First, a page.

The Kogi State screening committee set up to screen local and state government workers has disclosed that the state has been losing N16 billion annually to ghost workers on the payrolls of the two tiers of government.
This was just as the committee also revealed that it discovered 18,211 ghost workers during the exercis which commenced in February following its inauguration.
The state governor, Alhaji Yahaya Bello, however, said he would not set up any committee for the disbursement of the bailout fund as demanded by the organised labour in the state.
The chairman of the back-up committee for the analysis of the screening, who is also the state Auditor General, Mr Yusuf Okala, who made the disclosure at the presentation of the report of the committee, explained that about 88, 973 people were on the payrolls as of the time the screening exercise commenced with a monthly wage bill of N5.84 billion.
He, however, said upon the conclusion of the screening exercise 63,870 workers were cleared, reducing the wage bill to N4.443 billion.
The development, he said, showed that N1.365 billion was being paid to ghost workers and unintended beneficiaries every month.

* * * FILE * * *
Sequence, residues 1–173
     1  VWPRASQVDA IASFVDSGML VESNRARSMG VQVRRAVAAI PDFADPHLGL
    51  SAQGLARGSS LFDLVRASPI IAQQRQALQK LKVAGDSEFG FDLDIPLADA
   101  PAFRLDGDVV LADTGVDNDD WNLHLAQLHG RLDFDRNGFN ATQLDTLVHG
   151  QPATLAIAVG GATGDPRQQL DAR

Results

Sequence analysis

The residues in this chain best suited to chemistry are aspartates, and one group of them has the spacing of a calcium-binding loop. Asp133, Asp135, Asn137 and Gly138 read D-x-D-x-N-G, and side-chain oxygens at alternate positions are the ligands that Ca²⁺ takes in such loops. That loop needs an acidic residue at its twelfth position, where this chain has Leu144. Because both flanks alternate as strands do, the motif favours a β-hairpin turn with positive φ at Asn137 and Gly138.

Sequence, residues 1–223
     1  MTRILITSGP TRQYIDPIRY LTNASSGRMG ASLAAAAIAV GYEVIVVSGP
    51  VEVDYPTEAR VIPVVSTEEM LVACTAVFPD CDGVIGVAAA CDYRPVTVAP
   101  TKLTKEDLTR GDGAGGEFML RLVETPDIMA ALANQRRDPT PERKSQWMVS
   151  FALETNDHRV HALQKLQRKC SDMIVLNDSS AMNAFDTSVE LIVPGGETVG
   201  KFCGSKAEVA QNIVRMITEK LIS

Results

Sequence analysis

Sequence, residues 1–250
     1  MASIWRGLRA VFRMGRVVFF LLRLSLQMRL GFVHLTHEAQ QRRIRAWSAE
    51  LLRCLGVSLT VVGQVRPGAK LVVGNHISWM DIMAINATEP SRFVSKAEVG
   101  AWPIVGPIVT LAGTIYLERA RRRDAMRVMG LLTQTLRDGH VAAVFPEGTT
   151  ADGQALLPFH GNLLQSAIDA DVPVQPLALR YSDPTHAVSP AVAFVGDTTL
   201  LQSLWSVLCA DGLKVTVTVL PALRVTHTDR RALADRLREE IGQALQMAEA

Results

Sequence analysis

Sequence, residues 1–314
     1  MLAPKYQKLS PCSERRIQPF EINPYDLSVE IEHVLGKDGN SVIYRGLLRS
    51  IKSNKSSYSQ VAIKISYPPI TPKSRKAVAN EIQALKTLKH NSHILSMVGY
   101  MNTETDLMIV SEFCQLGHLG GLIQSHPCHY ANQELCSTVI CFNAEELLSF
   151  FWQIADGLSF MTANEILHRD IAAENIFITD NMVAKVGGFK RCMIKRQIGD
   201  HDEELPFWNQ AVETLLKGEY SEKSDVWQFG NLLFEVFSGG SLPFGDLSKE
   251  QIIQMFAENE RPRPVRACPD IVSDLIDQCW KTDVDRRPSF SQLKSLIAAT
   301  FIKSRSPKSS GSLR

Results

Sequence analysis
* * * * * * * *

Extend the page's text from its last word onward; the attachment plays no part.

According to Okala, the exercise showed a loss of N213.034 billion in the last 13 years to non-existing workers.
He added that the screening exercise showed that the people in this category included those offered employment before the creation of Kogi State, diaspora workers, non-existing workers, double/multiple employment, among others.
The Auditor General said the committee screened workers in state ministry, department and agency, local government departments, local government education authorities, state and local government pensioners.
He noted that the exercise was not completely perfect as there was infiltration by the organised labour with the intention of embarrassing the state government.
Okala also said the committee had recommended that those found culpable in the looting of the state through ghost workers syndrome should be prosecuted.
Speaking after the presentation of the report, the governor said his government would not rest until ghost workers were completely removed from its payroll, assuring that the funds of the state that was carted away would be recovered.
The governor said it would be unfair to spend the state’s resources on only two per cent of its population, saying “we are putting a permanent end to ghost workers syndrome.”